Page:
Fujifilm X-S1 Digital Camera Review$799.95
As with most Fujifilm cameras over the past few years, the X-S1 struggles with moving objects in video mode. Motion is fairly smooth—not much stuttering—but most objects leave a visible trail for a few seconds. Artifacts pop up all over the frame, particularly in high-contrast areas (two solid colors meeting each other, for example). The results are fine, but lack a certain refinement that better cameras offer.
When the camera itself pans with any action, it loses focus very easily, then spends a few seconds hunting to find it again—the resulting footage is completely worthless. More on how CamcorderInfo tests motion.
Video has never been one of Fuji's strong suits, and the situation isn't any better with any of their recent cameras, including the HS20EXR superzoom or the X10 premium compact. Canon and Panasonic's top superzooms fare much better, probably because they're made by companies that also have highly rated camcorder divisions.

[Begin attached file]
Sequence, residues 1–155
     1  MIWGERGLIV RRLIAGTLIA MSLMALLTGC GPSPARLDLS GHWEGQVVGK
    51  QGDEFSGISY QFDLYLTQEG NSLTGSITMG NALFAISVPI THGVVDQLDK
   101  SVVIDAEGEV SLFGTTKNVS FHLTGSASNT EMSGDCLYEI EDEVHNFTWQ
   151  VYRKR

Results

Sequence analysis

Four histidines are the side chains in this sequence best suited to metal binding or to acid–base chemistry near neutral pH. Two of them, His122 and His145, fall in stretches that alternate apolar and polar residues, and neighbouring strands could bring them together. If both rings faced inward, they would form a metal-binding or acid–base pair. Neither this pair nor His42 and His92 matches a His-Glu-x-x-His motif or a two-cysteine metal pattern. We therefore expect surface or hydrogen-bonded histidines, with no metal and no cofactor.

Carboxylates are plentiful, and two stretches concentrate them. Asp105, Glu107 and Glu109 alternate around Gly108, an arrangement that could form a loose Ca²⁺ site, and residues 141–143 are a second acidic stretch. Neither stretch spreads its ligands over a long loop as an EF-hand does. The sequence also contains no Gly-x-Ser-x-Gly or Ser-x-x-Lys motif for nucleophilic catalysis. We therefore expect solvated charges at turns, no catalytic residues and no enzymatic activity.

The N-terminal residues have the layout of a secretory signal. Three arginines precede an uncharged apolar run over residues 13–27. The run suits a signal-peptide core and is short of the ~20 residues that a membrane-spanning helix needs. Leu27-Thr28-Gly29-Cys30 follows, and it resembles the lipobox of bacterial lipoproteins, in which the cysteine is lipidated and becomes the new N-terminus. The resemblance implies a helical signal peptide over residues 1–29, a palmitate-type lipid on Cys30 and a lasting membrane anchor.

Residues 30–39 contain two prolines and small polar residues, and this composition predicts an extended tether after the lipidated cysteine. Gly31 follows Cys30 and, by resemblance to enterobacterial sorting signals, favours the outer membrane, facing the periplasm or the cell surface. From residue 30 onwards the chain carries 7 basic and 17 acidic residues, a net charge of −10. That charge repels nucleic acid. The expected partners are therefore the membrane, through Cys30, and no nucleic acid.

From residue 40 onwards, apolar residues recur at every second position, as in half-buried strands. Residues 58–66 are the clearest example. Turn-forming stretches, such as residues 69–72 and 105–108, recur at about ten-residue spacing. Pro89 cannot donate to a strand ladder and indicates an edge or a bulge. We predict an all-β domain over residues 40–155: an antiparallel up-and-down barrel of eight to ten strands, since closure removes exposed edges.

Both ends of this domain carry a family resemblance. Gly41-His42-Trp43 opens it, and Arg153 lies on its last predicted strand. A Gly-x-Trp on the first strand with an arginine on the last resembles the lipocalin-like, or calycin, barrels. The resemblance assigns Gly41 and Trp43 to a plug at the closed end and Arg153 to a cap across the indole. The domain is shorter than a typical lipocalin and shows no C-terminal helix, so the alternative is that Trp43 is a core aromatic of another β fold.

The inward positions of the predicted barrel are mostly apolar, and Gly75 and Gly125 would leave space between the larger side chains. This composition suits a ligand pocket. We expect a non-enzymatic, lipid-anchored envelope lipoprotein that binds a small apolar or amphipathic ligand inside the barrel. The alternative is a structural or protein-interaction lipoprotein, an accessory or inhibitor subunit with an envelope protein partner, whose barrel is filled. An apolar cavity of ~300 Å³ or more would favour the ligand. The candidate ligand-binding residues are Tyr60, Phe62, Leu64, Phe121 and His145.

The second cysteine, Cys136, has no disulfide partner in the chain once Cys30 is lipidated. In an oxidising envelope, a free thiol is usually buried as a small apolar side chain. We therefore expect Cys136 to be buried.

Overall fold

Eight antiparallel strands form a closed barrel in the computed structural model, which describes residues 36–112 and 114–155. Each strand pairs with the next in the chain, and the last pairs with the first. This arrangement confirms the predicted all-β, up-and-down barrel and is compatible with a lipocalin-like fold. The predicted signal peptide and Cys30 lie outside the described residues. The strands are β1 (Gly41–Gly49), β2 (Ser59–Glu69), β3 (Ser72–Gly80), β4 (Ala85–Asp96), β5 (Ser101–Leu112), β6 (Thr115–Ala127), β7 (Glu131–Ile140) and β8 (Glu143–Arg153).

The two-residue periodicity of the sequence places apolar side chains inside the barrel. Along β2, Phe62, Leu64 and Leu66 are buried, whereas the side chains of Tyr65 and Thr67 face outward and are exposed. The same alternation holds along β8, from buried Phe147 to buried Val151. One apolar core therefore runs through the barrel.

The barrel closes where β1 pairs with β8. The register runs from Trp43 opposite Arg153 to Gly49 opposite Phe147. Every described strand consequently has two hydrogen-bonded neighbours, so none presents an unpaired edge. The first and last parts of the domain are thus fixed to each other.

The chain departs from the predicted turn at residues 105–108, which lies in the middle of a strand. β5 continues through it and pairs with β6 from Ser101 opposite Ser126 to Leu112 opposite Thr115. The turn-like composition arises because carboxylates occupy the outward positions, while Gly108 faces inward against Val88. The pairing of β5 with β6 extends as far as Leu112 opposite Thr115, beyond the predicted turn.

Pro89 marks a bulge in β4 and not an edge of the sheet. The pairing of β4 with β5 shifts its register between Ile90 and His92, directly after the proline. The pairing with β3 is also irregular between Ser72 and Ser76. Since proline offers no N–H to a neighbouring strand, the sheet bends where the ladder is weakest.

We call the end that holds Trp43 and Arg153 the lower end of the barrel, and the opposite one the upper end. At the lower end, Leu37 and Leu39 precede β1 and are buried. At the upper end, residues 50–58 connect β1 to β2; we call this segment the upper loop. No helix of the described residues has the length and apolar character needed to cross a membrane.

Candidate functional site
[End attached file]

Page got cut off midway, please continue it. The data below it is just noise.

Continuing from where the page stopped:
With the X-S1 fixed in position, it can resolve over 500 vertical and 600 horizontal lw/ph. But as soon as it starts panning, the sharpness drops off fast. We measured just 300 vertical and 200 horizontal lw/ph—and that's when it actually maintained focus. More on how CamcorderInfo tests video sharpness.
Dropping the lights down, the results are even worse, with just 175 horizontal and vertical lw/ph, and it had an even harder time holding focus than in good lighting.
Low Light Sensitivity
It's safe to say that the X-S1 is not a good low-light performer. It's basically blind below 42 lux, so nighttime shooting will be incredibly hit or miss.